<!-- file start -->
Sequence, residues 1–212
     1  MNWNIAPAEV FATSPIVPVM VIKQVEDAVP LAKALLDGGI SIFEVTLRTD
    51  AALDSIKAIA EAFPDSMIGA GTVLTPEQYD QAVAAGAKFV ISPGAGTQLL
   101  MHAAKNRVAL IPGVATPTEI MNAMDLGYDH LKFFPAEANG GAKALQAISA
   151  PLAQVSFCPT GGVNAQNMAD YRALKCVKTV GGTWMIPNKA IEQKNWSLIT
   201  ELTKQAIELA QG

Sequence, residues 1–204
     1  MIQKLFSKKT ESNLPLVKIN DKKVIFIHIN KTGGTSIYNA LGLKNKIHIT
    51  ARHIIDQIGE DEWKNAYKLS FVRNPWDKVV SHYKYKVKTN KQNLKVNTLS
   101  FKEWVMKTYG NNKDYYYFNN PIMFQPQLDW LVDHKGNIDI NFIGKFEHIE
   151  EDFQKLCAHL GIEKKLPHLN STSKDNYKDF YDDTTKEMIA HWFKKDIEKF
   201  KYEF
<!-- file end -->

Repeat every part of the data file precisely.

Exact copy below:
Sequence, residues 1–212
     1  MNWNIAPAEV FATSPIVPVM VIKQVEDAVP LAKALLDGGI SIFEVTLRTD
    51  AALDSIKAIA EAFPDSMIGA GTVLTPEQYD QAVAAGAKFV ISPGAGTQLL
   101  MHAAKNRVAL IPGVATPTEI MNAMDLGYDH LKFFPAEANG GAKALQAISA
   151  PLAQVSFCPT GGVNAQNMAD YRALKCVKTV GGTWMIPNKA IEQKNWSLIT
   201  ELTKQAIELA QG

Sequence, residues 1–204
     1  MIQKLFSKKT ESNLPLVKIN DKKVIFIHIN KTGGTSIYNA LGLKNKIHIT
    51  ARHIIDQIGE DEWKNAYKLS FVRNPWDKVV SHYKYKVKTN KQNLKVNTLS
   101  FKEWVMKTYG NNKDYYYFNN PIMFQPQLDW LVDHKGNIDI NFIGKFEHIE
   151  EDFQKLCAHL GIEKKLPHLN STSKDNYKDF YDDTTKEMIA HWFKKDIEKF
   201  KYEF